Purpose : To compare monoscopic macula centered images taken by mydriatic handheld retinal imaging with SDOCT for detection of macular pathology in diabetic patients. Methods : Mydriatic macular images of 177 eyes of 92 diabetic patients were taken with 3 handheld retinal imaging devices [Aurora (AU), Smartscope (SS), RV700 (RV)] and compared with the Cirrus 6000 SDOCT taken during the same visit. Images were evaluated for the presence of diabetic macular edema (DME) on monoscopic fundus photographs adapted from Early Treatment Diabetic Retinopathy Study (ETDRS) definitions [no DME, noncenter-involved DME (non-ciDME) and center-involved DME (ciDME)]. Presence of DME on SDOCT used DRCR Retina Network Cirrus gender-based thresholds of central subfield thickness. Sensitivity and specificity were calculated for each device with the SDOCT as gold standard. Results : Mean age was 56.6±10.8 years and 38% were male. Severity by ETDRS grading: No DR 40.1%, mild NPDR 19.2%, moderate 14.7%, severe 10.2%, proliferative 15.8%, ungradable for DR 0%; no DME 72.9%, non-ciDME 6.8%, ciDME 17.0%, ungradable for DME 3.4%. Gradable images by SDOCT (N=174, 98.3%) showed no DME in 84.7%, non-ciDME in 4.9%, and ciDME in 10.4%. Epiretinal membranes (ERM) were the second most common pathology, present in 11.9% of eyes. Ungradable rate for images (poor visualization in >50% of the macula), was AU:12.3%, SS:16.0%, RV:8.6%. Summary results are shown in table 1. For non-ciDME, sensitivity and specificity were similar across devices (0.71 – 0.78, 0.93 – 0.96) but sensitivity for ciDME was highest with AU(0.76). For nondiabetic macular pathology across all devices, sensitivity was highly variable (0.13 – 0.67) but highly specific (0.99 – 1.00). Sensitivity for ERM was lowest across all devices (0.13 – 0.46). Conclusions : Compared to SDOCT, monoscopic handheld macular imaging attains high specificity but low sensitivity in identifying macular pathology. Without stereopsis, 22-29% of eyes without DME on monoscopic photos have DME on SDOCT, and 28-37% of eyes with DME on monoscopic handheld imaging will have no DME on SDOCT. Additionally 54-87% of eyes with macular ERM are missed without SDOCT imaging. This suggests the importance of SDOCT integration to improve detection of macular pathology, leading to appropriate referrals in large-scale DR screening programs.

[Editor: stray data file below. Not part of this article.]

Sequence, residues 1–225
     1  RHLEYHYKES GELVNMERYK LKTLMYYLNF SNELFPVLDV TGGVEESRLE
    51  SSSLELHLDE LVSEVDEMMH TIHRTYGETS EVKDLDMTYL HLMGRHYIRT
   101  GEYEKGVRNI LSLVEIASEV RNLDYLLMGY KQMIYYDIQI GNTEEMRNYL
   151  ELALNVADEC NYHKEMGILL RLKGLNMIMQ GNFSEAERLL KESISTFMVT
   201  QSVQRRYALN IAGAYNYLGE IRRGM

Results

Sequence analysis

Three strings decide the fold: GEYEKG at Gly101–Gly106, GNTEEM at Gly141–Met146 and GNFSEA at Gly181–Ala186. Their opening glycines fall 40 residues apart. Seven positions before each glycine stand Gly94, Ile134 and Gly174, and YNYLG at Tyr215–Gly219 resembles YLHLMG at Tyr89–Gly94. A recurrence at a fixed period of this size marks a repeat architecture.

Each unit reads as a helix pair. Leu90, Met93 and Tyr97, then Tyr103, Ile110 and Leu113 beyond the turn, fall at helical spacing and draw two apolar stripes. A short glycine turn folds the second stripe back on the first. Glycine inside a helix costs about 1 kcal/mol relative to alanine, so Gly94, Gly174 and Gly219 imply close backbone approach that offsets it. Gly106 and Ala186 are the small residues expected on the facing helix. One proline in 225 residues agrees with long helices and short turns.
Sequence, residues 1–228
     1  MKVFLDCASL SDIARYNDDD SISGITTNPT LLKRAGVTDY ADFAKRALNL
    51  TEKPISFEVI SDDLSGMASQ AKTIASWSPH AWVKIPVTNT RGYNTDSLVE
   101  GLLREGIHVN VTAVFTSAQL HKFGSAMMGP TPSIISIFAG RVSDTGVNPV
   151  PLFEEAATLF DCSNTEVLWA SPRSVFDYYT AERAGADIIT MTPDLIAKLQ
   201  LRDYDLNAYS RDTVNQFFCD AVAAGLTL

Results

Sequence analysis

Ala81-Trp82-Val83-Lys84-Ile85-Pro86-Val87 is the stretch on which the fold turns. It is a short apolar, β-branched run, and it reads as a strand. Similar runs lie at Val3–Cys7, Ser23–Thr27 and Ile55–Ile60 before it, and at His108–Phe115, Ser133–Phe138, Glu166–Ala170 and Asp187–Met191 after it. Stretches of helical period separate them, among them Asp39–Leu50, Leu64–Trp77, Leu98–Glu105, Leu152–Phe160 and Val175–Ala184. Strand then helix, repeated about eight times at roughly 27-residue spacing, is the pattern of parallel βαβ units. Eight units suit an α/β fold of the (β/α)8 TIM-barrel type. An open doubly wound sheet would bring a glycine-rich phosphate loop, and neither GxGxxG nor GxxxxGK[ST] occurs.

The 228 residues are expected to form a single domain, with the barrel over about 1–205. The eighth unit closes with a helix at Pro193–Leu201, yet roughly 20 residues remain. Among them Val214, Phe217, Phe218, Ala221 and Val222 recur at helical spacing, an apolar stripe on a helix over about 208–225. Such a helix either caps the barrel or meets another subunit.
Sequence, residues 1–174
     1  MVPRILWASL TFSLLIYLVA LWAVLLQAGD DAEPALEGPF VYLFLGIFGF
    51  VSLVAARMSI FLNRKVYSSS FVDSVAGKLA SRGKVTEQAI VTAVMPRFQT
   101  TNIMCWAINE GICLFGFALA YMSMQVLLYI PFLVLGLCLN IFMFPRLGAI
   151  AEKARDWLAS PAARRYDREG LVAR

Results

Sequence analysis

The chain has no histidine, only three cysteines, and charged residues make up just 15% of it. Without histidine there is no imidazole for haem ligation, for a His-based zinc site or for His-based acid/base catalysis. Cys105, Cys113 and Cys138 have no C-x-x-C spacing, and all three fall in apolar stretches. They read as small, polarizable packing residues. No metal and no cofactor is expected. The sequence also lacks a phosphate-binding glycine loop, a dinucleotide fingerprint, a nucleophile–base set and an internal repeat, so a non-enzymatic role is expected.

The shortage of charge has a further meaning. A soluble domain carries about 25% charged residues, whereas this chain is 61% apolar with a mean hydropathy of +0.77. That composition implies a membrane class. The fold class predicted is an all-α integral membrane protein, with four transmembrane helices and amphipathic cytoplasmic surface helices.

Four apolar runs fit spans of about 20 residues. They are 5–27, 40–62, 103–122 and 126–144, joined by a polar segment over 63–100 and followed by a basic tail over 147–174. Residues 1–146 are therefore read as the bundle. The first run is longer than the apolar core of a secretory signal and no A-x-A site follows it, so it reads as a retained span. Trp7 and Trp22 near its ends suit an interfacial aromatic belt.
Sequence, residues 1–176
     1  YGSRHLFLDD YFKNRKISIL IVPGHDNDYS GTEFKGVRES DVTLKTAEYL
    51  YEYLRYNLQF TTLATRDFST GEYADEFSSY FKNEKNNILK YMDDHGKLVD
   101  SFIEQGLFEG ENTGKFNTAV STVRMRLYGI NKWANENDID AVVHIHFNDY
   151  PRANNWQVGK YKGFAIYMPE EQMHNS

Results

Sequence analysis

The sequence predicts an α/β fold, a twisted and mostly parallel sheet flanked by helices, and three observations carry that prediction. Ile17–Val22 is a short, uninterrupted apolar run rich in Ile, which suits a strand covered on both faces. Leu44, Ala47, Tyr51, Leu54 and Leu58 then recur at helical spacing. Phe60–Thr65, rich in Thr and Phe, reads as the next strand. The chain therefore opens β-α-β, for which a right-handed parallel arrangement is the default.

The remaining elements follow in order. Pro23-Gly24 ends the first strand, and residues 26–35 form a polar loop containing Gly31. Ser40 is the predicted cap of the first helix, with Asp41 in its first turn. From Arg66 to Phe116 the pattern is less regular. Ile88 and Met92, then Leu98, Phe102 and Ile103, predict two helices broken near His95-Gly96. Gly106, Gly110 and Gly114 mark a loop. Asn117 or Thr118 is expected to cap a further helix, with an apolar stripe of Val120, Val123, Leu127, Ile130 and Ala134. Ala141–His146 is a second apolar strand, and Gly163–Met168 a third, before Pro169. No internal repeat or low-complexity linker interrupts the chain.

|Journal||Investigative Opthalmology and Visual Science|
|Publication status||Published - 01 Jun 2021|
|Event||Association for Research in Vision and Ophthalmology (ARVO) 2021 - |
Duration: 01 May 2021 → 07 May 2021